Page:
Anthony Burgess’ 1985 was intended as a tribute to George Orwell’s 1985. The two major themes of the novel are the rise of trade unions and the influence of Islam and Muslims as a sinister force in Britain mainly because of a large scale immigration of Muslims from the Middle
Pamela Taylor is another Muslim author who has written science fiction stories. Here is a listing of some of the stories that she has published. The Cathedral in Citizen Culture Magazine Mutawwa in Citizen Culture Magazine “Foreign Thoughts”, SF poem in Star Line (Nominated for a 2007 Rhysling Award) “The
Ian Dallas, now known as Shaykh Abdalqadir as-Sufi of the Murabitun Worldwide Movement, is a Scotsman who converted to Islam in 1963, and began studying Sufism with the Darqawi Order in Morocco under Shaykh Muhammad ibn al-Habib. “The Book of Strangers,” which was first published in 1972, is set in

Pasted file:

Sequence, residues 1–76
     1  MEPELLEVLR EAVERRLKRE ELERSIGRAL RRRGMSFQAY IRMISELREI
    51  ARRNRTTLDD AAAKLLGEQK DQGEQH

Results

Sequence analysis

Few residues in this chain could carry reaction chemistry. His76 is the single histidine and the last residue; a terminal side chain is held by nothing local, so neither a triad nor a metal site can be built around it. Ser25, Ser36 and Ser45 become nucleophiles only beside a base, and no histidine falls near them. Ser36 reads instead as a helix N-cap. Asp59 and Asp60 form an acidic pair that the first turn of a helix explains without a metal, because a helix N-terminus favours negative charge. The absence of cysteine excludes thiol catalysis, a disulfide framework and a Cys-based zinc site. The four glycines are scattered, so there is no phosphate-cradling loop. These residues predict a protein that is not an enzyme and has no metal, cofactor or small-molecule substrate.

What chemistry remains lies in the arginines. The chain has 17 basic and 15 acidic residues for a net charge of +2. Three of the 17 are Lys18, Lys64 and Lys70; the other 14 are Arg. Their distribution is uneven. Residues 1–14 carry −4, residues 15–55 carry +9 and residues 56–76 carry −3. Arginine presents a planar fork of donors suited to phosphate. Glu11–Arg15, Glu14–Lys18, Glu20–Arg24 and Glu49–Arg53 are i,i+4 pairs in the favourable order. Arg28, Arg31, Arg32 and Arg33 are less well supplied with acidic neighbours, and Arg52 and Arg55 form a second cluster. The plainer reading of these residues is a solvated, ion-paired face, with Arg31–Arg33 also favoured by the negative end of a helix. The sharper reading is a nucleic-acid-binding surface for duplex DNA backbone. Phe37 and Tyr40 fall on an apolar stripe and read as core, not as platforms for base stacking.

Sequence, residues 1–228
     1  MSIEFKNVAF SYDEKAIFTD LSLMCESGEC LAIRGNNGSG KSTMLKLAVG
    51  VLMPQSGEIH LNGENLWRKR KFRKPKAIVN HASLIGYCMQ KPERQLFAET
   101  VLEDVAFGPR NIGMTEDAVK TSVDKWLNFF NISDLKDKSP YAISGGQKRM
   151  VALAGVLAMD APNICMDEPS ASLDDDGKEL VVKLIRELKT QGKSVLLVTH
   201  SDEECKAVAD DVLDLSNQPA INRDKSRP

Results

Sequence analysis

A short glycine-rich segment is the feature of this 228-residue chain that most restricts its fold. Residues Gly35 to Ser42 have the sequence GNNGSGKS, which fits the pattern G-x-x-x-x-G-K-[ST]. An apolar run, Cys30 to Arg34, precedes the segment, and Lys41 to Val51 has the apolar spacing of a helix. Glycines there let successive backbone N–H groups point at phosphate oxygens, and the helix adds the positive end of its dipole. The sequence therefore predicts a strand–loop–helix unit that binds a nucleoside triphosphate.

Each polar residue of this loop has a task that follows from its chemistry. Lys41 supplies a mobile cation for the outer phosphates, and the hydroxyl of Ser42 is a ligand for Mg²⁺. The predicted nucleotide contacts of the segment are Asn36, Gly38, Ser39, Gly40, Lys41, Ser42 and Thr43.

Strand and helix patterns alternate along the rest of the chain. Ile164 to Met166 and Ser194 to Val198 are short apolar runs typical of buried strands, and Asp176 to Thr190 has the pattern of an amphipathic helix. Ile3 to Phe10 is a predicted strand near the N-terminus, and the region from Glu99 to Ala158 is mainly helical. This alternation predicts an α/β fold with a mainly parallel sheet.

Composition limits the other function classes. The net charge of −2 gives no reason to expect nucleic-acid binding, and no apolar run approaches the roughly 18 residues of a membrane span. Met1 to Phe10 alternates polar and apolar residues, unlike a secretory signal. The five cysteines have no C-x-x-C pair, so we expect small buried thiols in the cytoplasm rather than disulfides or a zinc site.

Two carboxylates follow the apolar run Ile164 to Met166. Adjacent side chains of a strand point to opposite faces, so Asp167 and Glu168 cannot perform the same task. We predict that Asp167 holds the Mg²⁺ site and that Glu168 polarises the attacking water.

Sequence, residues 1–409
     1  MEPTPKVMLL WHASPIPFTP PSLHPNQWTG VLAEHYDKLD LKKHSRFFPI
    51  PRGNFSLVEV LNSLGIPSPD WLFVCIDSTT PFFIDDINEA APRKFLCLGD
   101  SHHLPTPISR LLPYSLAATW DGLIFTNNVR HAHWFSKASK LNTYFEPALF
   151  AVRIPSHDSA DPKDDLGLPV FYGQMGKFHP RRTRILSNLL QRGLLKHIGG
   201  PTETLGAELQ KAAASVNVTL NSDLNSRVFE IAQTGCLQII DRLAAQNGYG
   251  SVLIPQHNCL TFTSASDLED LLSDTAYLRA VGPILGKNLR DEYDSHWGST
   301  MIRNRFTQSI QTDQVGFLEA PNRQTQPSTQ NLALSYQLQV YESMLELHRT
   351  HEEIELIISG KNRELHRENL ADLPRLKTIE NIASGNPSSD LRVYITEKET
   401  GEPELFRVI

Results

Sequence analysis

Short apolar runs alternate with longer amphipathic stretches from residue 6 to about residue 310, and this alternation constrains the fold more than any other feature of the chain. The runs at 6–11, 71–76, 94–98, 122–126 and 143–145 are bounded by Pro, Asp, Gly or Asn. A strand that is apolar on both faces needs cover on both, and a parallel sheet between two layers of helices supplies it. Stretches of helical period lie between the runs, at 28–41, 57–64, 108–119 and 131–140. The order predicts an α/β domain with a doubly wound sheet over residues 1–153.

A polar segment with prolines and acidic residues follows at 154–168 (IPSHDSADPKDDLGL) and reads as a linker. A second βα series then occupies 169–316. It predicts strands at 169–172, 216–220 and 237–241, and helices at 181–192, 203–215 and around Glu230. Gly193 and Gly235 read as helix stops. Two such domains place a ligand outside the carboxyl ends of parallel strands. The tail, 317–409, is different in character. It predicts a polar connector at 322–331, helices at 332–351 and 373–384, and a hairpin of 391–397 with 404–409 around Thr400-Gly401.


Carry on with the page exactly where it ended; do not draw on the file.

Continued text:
Hassan Adventures is a series of short stories set in the future. The protagonist is a Muslim named Hassan who is from the city of Kufa on the planet Lam. An imperial Earth is the main antagonist.
Jamil Nasir, the author of some interesting SF nos is certainly of Palestianian Arab origin. However I do not know his religious affiliation. If someone finds out the please let me know. Stories by Jamil Nasir (Thanks to Ahmed N for the pointers) The Houses of Time (Trans-Humanist Institute) Distance
Ahmed A. Khan is a Canadian science fiction writer who has published numerous stories in the science fiction genre. He has also edited two anthologies: “Fall and Rise“, a post-apocalyptic Science Fiction anthology and also “Science Fiction Waxes Philosophical”, a collection of Science Fiction stories with philosophical underpinnings. He also
Nabil Farouq is an Egyptian Science Fiction writer who is well known for his novellas in the Rewayat Masreya Lil Guib (Egyptian Pocket Novels) series. His most famous works are. Ragol Al Mostaheel (The Man of the Impossible). Malaf Al Mostakbal (Files of the Future). [Thanks to Ghaleb H. for